- Top of page
- Experimental procedures
- Supporting Information
Function of Mis12/Mtw1 homologue is conserved in C. albicans
In the present study, we identified and characterized the Mis12/Mtw1 homologue in C. albicans, a pathogenic yeast that has small, yet regional centromeres. While the overall amino acid similarity of CaMtw1 relative to other proteins of this family is restricted to two conserved blocks, our results demonstrate that the function of CaMtw1 is conserved. Immunofluorescence microscopy and ChIP assays revealed that, similar to other yeasts (Goshima et al., 1999; Goshima and Yanagida, 2000), CaMtw1 colocalizes with CaCse4. CaMtw1 localized close to the spindle poles through most of the cell cycle, indicating that, as in S. cerevisiae, kinetochores remain closely associated with spindle pole bodies in C. albicans. Similar to other members of the Mis12/Mtw1 family, CaMtw1 is an essential protein required for G2/M progression and proper chromosome segregation during mitosis. Gly-71 in the CaMtw1 ORF is evolutionarily conserved across fungal species and is essential for the activity of CaMtw1 at high temperatures. Moreover, CaMtw1 affects mitotic spindle length and alignment. Interestingly, the amount of CaMtw1 in a cell influences the degree of kinetochore localization of two essential inner kinetochore proteins, CaCse4 and CaMif2, suggesting that CaMtw1 is crucial for efficient inner kinetochore assembly.
Prolonged incubation at non-permissive conditions that reduce the levels of functional CaMtw1 protein in the cell leads to a morphological switch to polarized growth
When CaMTW1 gene expression was repressed or the mtw1-ts mutant was grown at 37°C, cells arrested in G2/M in a time-dependent manner. Prolonged incubation of these cells arrested at G2/M phase results in pseudohyphal-like morphologies, consistent with previous reports that prolonged G2/M arrest of C. albicans leads to a pseudohyphal-like elongated bud phenotype (Bachewich et al., 2005; Berman, 2006). Similar elongated morphologies were observed in the CaCse4-depleted cells as well (Sanyal and Carbon, 2002; this study) and the population of cells with sub-G1 DNA content increased as determined by flow cytometry, suggesting that dead cells accumulate at this stage.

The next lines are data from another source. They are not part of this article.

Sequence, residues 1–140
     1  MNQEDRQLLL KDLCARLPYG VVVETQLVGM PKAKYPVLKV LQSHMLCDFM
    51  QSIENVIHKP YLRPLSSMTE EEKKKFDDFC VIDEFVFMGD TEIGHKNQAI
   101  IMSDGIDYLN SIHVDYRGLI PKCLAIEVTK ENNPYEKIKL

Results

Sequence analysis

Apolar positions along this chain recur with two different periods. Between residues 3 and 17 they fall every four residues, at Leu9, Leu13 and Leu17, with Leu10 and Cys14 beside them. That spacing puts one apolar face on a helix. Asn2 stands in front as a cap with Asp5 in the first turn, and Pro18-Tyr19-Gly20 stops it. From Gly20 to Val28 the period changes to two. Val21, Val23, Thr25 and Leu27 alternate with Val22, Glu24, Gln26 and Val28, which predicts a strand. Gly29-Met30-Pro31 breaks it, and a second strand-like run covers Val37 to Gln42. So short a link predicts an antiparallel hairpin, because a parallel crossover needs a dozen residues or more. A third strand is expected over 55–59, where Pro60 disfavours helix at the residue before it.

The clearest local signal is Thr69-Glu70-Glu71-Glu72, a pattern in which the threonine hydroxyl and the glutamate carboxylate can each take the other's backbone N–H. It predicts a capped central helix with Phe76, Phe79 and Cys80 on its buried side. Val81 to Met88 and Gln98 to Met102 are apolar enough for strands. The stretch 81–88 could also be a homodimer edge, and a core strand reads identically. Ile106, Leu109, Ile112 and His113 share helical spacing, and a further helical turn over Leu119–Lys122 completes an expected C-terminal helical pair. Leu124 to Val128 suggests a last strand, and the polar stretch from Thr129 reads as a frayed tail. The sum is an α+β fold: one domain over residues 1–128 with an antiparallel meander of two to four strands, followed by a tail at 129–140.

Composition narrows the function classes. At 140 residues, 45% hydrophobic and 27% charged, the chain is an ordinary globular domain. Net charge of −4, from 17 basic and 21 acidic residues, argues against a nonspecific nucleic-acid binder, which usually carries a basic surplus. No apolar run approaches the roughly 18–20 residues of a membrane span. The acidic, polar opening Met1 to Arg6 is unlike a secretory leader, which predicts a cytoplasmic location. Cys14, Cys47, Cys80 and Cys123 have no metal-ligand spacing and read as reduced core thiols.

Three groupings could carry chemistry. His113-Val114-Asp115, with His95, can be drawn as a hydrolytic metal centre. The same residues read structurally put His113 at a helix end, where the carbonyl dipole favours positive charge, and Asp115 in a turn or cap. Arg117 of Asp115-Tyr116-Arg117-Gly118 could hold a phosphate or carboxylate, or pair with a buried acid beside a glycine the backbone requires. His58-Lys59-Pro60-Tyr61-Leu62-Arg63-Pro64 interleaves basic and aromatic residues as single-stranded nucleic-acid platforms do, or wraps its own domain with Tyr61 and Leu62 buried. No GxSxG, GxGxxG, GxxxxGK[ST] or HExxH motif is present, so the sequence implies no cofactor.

Role of CaMtw1 in spindle morphogenesis is conserved in yeasts
CaMtw1 depletion or incubation of the ts-mtw1 mutant at 37°C resulted in defects in nuclear positioning and in segregation of nuclear DNA in daughter cells (Table 1, Fig. S2D). Tubulin staining revealed a large proportion of CaMtw1-depleted cells and ts-mtw1 mutant cells had altered spindle length and improper spindle orientation similar to spindle morphogenesis defects previously reported in mis12-537 mutants in S. pombe and mtw1-1 mutants in S. cerevisiae (Goshima et al., 1999; Goshima and Yanagida, 2000). The mtw1-1 cells incubated at 37°C for 140 min formed short mitotic spindles with unsegregated DNA in the mother-bud neck (Goshima and Yanagida, 2000; Pinsky et al., 2003). After prolonged incubation at 37°C, mtw1-1 cells exhibited abnormal expansion of the spindle length (Goshima and Yanagida, 2000). In both CaMtw1-depleted cells and the temperature-sensitive mutants, we observed the occasional presence of an unattached DNA mass in the mother bud of these cells, suggesting that defects in biorientation of chromosomes occur when CaMtw1 is not present or not functional. It was suggested (Goshima and Yanagida, 2000; Pinsky et al., 2003) that Mtw1 contributes to bi-orientation of the chromosomes, which is monitored by spindle assembly checkpoint protein Ipl1. The presence of unsegregated nuclei and short mitotic spindle in the large-budded stage of C. albicans cells indicates that the spindle assembly checkpoint was activated. The G2/M arrest of the mtw1-1 mutant in S. cerevisiae was mediated by Mad2, a component of the spindle assembly checkpoint. The similarities of mtw1 mutants in S. cerevisiae and C. albicans suggest that spindle assembly checkpoint is probably responsible for the arrest phenotype of mtw1 mutants in C. albicans as well. It will be interesting to investigate the role of Ipl1 in CaMtw1 function.